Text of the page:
It should be noted that the GIS service was not examined here, in part because of a lack of data on the cost of the GIS to the IS Department. There may be potential to recoup losses here through an increase of fees, or use said increase to fill the aforementioned GIS vacancies.
Total effect: When added to the aforementioned recommendations, these savings would yield a four cent reduction in the property tax rate from the Barnes recommended rate – and thus bring the county’s rate to 82 cents, one cent below equalization – with roughly $1,546,000 to spare.
Staff Response to Section 9
– There is no explanation of the derivation of the 6 positions recommended for elimination.
– The Recommended Budget includes four Application Analysts to provide applications maintenance and support, and application development/integration/project management – two of Information Services’ nine core areas. Most new development has been postponed with the remaining work being critical upgrades for core systems that can no longer be supported in their current state. Eliminating additional Application Analysts positions would leave the County with no internal maintenance and support of critical systems such as tax collection systems, and public safety systems.
– The Operations Manager position has been requested for half the year. This position works on core Information Services functions such as delivery of critical public safety support services (i.e. public safety radio communications, E911 computer aided dispatch, GIS). This position has been vacant for several years, and while other Information Services employees have compensated for the vacancy in the short-term, this cannot continue for what is now becoming the long-term.
– The transfer of the Information Services Director to the position of Development Services Administrator to assist in the reorganization of those departments has led to the Deputy Director taking on the responsibilities of the Information Services Director for department management.
SECTION 10: HUMAN RESOURCES EFFICIENCIES
The Department of Human Resources includes funds for a restored Director.  The position was resurrected in the Barnes budget after being eliminated last year. Given Mr. Barnes’ previous concern for avoiding reduction of the county force, we were surprised to see him risk the possibility of reductions elsewhere by placing this in. Additionally in neither the budget strategy, Barnes’ opening message, nor the funding breakout is there any explanation for why this position was resurrected.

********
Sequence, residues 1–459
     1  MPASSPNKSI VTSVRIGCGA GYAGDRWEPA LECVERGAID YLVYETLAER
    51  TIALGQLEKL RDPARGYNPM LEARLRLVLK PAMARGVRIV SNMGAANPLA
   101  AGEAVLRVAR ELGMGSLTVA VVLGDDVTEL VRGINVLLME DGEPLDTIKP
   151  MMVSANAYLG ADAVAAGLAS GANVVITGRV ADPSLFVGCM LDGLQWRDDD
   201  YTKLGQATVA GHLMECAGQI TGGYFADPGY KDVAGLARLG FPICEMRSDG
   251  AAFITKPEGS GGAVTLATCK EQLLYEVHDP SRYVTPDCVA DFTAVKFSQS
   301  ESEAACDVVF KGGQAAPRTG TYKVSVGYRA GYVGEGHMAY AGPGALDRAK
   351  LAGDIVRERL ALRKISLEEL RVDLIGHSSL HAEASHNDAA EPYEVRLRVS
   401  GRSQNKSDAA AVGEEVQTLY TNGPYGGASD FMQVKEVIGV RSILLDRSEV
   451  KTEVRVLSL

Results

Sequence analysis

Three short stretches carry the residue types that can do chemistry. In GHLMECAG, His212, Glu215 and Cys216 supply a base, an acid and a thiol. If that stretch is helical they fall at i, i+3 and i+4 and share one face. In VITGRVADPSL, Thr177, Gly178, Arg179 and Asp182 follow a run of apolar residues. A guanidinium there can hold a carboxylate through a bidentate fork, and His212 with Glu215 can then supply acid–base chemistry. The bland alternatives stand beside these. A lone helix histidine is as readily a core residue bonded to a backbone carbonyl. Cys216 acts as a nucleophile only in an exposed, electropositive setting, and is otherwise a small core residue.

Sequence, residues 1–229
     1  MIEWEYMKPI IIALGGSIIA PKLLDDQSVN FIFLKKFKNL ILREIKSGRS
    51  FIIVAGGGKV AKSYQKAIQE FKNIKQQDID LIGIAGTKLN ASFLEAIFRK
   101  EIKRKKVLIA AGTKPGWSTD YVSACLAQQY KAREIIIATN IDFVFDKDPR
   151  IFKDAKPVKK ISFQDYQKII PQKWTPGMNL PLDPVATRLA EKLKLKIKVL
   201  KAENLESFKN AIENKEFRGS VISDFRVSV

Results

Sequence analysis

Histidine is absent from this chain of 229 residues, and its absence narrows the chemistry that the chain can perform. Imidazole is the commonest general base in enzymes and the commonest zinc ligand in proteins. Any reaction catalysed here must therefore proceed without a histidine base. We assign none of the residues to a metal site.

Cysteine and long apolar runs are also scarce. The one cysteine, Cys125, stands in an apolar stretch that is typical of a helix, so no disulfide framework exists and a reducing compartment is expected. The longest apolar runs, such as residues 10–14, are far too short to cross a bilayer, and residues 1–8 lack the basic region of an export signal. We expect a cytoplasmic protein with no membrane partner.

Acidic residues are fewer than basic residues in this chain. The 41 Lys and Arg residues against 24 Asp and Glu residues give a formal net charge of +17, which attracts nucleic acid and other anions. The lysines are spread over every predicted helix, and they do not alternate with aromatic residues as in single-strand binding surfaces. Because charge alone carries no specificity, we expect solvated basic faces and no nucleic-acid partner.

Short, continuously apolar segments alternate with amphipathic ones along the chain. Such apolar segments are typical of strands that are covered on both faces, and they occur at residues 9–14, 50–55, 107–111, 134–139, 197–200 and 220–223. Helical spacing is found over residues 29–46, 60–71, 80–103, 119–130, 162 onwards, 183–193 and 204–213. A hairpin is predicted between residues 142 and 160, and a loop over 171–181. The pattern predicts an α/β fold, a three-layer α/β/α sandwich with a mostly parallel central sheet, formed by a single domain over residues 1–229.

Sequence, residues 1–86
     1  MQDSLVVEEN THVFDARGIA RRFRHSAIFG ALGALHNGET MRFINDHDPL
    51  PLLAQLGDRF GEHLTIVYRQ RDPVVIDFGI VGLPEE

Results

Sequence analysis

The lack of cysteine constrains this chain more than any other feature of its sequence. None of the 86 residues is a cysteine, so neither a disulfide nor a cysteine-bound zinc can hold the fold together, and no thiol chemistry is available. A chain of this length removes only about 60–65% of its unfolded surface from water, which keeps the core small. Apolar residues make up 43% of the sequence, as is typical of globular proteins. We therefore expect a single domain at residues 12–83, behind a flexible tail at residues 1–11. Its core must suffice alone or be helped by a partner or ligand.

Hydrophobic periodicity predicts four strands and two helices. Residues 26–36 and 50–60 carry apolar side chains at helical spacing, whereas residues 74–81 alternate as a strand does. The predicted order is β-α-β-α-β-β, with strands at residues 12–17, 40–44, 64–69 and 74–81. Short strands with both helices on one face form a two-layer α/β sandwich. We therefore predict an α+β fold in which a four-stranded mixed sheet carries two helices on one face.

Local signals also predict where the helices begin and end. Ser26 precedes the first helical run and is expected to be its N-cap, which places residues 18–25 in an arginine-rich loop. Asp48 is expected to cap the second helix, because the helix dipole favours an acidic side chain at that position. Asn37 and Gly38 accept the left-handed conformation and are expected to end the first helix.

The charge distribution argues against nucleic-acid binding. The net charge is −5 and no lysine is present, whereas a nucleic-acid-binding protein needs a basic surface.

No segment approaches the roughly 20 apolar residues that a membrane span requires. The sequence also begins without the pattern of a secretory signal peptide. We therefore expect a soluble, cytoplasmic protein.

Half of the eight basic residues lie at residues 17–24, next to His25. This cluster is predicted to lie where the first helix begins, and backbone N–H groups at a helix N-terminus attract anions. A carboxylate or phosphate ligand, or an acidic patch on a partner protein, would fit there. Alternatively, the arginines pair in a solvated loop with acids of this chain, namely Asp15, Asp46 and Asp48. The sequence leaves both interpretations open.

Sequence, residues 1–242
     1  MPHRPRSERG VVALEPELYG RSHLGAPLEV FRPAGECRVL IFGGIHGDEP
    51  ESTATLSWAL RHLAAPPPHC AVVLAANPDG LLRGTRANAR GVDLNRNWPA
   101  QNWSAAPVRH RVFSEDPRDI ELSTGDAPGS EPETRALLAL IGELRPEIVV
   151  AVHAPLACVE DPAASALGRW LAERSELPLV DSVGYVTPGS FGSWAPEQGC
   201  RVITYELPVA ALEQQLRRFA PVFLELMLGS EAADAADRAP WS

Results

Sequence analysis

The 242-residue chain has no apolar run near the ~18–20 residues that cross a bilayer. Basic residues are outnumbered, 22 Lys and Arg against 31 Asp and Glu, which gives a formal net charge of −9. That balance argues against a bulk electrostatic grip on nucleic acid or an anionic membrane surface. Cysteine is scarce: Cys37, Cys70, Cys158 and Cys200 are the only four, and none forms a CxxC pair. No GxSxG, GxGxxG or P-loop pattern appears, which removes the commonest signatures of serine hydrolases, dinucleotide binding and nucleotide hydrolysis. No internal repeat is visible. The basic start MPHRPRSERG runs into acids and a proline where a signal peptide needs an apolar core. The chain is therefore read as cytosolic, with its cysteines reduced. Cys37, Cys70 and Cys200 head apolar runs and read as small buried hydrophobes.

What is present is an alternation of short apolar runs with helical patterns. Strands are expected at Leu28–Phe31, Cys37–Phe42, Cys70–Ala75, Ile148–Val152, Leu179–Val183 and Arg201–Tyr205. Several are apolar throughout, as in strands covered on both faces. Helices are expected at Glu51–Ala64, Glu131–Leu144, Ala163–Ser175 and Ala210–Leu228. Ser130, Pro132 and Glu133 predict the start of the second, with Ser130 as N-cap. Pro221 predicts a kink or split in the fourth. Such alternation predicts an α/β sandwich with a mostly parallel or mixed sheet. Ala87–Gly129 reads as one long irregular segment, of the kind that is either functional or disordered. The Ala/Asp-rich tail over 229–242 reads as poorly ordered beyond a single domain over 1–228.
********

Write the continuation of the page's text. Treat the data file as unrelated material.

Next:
As such, we recommend not bringing this position back, and thus keeping personnel spending at the FY10 level, which leads to the following:
Barnes Budget FY11 Personnel Cost – FY10 Personnel Cost = Gross Recommended Savings
$556,084 – $413,340 = $142,744
Total effect: When added to the aforementioned recommendations, these savings would yield a four cent reduction in the property tax rate from the Barnes recommended rate – and thus bring the county’s rate to 82 cents, one cent below equalization – with roughly $1,689,000 to spare.
Staff Response to Section 10
– The Deputy County Adminstrator currently performs the duties of Deputy County Administrator, Human Resources Director and General Services Director. While this arrangement has worked in the short-term, one employee cannot be expected to fill multiple roles for the long-term. An organization of the County’s size should have on its permanent staff someone trained in human resources functions to manage the Human Resources department.
– Note that $136,003 of the $142,744 increase in the FY 2011 Recommended Budget is related to hiring the Human Resources Director. The remaining $6,741 is related to changes in health insurance and VRS costs of existing employees in the Human Resources department. In addition, a vacant Deputy County Administrator position will remain unfilled to fund this position.
SECTION 11: COMMONWEALTH’S ATTORNEY’S OFFICE EFFICIENCIES
Like the Department of Human Resources, the Office of the Commonwealth’s Attorney includes funds for a position that was not part of the FY10 adopted budget.  Also as with Human Resources, there is no explanation or justification for the additional position.
As such, we recommend holding this position back, and thus keeping personnel spending at the FY10 level, which leads to the following:
Barnes Budget FY11 Personnel Cost – FY10 Personnel Cost = Gross Recommended Savings
$1,765,750 – $1,677,828 = $87,922
Total effect: When added to the aforementioned recommendations, these savings would yield a five cent reduction in the property tax rate from the Barnes recommended rate – and thus bring the county’s rate to 81 cents, two cents below equalization – with roughly $4,000 to spare.